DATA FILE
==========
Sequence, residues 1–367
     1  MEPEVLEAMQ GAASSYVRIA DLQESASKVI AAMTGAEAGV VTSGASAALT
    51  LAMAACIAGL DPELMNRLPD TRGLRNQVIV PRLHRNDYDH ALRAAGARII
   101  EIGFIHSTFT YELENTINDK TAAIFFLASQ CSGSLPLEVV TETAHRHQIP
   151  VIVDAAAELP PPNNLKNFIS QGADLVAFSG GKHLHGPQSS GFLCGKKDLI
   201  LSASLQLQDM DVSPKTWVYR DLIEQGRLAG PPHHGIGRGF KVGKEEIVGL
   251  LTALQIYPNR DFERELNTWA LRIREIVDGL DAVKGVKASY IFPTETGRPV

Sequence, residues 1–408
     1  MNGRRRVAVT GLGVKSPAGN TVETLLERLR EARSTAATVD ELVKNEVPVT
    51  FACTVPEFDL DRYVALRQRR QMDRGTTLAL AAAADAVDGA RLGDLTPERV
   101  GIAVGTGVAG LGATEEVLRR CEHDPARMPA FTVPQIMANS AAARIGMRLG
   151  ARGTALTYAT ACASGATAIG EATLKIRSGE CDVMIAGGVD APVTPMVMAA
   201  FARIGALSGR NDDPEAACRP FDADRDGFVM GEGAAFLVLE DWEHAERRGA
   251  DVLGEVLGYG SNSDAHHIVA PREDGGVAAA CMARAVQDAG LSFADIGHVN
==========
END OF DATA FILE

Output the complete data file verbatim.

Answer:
Sequence, residues 1–367
     1  MEPEVLEAMQ GAASSYVRIA DLQESASKVI AAMTGAEAGV VTSGASAALT
    51  LAMAACIAGL DPELMNRLPD TRGLRNQVIV PRLHRNDYDH ALRAAGARII
   101  EIGFIHSTFT YELENTINDK TAAIFFLASQ CSGSLPLEVV TETAHRHQIP
   151  VIVDAAAELP PPNNLKNFIS QGADLVAFSG GKHLHGPQSS GFLCGKKDLI
   201  LSASLQLQDM DVSPKTWVYR DLIEQGRLAG PPHHGIGRGF KVGKEEIVGL
   251  LTALQIYPNR DFERELNTWA LRIREIVDGL DAVKGVKASY IFPTETGRPV

Sequence, residues 1–408
     1  MNGRRRVAVT GLGVKSPAGN TVETLLERLR EARSTAATVD ELVKNEVPVT
    51  FACTVPEFDL DRYVALRQRR QMDRGTTLAL AAAADAVDGA RLGDLTPERV
   101  GIAVGTGVAG LGATEEVLRR CEHDPARMPA FTVPQIMANS AAARIGMRLG
   151  ARGTALTYAT ACASGATAIG EATLKIRSGE CDVMIAGGVD APVTPMVMAA
   201  FARIGALSGR NDDPEAACRP FDADRDGFVM GEGAAFLVLE DWEHAERRGA
   251  DVLGEVLGYG SNSDAHHIVA PREDGGVAAA CMARAVQDAG LSFADIGHVN